Wonder Woman’s next big screen adventure finds her in 1984 facing two all-new foes: Max Lord and The Cheetah. This highly anticipated sequel was finally released simultaneously in theaters and streaming at home on HBOMax.
The first film inspired many viewers with its hopeful messages and the fierce, courageous hero played by Gal Gadot, whose performance became a symbol of female empowerment in thru superhero genre and all around the world. The charm, optimism, and tone that made the first film special are still here, and director Patty Jenkins still does a good job bringing the gigantic action to the screen, with better visual effects than its predecessor. From the exciting opening scene in Themyscira, you are reminded as to why this corner of the DC Extended Universe is one of the most notable. Gadot again brings genuine humanity and morality to Diana, inspiring us all to work together and see the beauty in the world. Her chemistry with Chris Pine is again great, although his death in the previous film makes his appearance here a little less welcoming, as he doesn’t feel as adventurous and memorable. However, the movie handles emotional moments between them really well, and their coupling still helps drive the film forward. Kristen Wiig, beloved for comedies like Bridesmaids and SNL, does really well as Barbara Minerva, who is very humanized through her performance and introduction. However, her character’s drastic transformation is when her writing became insufficient and unbelievable, and feels like a wasted opportunity that deserved much better. Pedro Pascal is now highly popular with TV audiences, not only as the titular Mandalorian but also for fans of Narcos and Game of Thrones, as well as with action movie fans for Kingsman and Triple Frontier. For those reasons, I was very excited about his casting, but his performance is such a huge step down from his famed presence in other franchises — his silly character is made worse with awful dialogue and a villain plot that I can only compare to Jafar from Aladdin. And because the conflict isn’t that great, that really hurts the movie. This makes a lot of the script feel over-the-top, including the objective feeling very cartoonish and the messages becoming muddled.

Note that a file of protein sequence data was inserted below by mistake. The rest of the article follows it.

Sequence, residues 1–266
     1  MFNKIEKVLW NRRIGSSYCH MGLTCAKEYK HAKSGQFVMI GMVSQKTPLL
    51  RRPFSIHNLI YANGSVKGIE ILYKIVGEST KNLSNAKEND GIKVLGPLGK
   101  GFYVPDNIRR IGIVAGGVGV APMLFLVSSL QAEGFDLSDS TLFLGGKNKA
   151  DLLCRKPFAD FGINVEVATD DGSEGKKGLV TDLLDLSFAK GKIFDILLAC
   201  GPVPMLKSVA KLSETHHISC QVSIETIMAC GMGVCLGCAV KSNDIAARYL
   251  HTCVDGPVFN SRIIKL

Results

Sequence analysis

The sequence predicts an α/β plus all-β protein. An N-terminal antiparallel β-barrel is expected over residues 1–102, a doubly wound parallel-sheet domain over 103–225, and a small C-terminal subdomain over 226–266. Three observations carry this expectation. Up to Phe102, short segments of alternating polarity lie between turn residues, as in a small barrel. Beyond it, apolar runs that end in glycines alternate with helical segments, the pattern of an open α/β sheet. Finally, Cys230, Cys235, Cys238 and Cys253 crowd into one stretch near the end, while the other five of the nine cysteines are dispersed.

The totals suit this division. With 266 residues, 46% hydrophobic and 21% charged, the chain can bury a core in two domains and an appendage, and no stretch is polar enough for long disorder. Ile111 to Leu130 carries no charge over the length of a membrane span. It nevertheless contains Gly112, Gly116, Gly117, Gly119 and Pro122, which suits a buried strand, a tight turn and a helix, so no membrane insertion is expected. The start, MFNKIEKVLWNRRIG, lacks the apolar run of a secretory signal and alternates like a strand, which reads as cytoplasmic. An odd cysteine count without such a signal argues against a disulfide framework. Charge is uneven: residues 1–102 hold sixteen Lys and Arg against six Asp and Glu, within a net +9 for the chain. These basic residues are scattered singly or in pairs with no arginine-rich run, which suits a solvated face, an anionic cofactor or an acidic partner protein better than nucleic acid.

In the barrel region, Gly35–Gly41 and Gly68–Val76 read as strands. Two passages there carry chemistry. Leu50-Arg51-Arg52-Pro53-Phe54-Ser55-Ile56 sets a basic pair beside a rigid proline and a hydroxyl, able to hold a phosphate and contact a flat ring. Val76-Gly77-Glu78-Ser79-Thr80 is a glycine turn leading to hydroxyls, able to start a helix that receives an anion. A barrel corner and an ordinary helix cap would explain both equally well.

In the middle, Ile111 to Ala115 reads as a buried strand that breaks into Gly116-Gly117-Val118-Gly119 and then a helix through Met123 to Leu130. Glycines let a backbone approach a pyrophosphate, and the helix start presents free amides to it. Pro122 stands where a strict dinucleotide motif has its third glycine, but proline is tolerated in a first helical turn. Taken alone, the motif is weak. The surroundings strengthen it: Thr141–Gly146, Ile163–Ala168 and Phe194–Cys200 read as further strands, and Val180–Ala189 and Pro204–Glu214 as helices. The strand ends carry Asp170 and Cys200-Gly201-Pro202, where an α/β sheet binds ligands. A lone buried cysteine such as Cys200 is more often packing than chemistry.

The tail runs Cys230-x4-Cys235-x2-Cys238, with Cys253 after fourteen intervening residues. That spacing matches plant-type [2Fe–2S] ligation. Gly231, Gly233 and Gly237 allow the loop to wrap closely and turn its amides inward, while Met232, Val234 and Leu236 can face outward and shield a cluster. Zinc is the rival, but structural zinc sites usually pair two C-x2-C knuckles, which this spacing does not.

The pacing isn’t as slow as another lengthy DCEU movie, Batman v Superman, was, but still felt like an issue; the first one at 141 minutes seemed to pace itself well and fly by briskly, but at one point during WW84‘s 151-minute runtime, I was starting to feel like the story should jump to the action quicker. Much of the buildup entertaining, but in some instances I was hoping for the film to pick up and get to the point more speedily. This is by no means a film that’s hard to get through; like I said, the tone is still fun and heartfelt, and the action is really good, with some good set pieces like a mall fight, and other strong settings where the fights take place, as well as Wonder Woman getting to show off some new powers. The set design that reminisces the 80s feels lively and great, although it takes advantage of the time period less than expected (I can’t help but compare that Stranger Things utilized its 80s setting in a more memorable manner). Even though the backdrop for the final act is excellent, it ultimately feels wasted (both Wonder Woman movies have had a villain reciting a terrible evil monologue and I don’t know why the writers felt the need to keep it). There’s also themes about women dealing with catcalling and insecurities about their looks that feel underdeveloped, or needless as not much is done with that. The first movie’s simplicity helped it work better, but the goals and messages here start to feel overcomplicated to the point where I wish the film had stuck to the simple ideas that made the first movie more thoughtful and inspiring. The layout for the hero’s journey is there; Diana has wants that don’t quite coincide with her needs and the greater good, and so a choice must be made. But the film isn’t strongest when dealing with humanity’s greed and desire for self-interests, it’s when it deals with the love, unity, and heroism we should all see in ourselves and others. This sense of inspiration and optimism is the golden strength of both Wonder Woman films, but I wish the road to get there was less long and windy, and a little more fresh. Also, don’t get up quite yet when the credits start; there’s a cameo that will get all generations of audiences to feel excited. In summary, this is a sequel that retains many great elements from its predecessor and will satisfy comic book fans and those who were moved by the first, but the weak conflict and subpar writing hurt the film and make it, while entertaining, less than wonder-ful. The one thing that’s always consistent is Gadot’s acting and the heart she gives to the titular heroine we all love.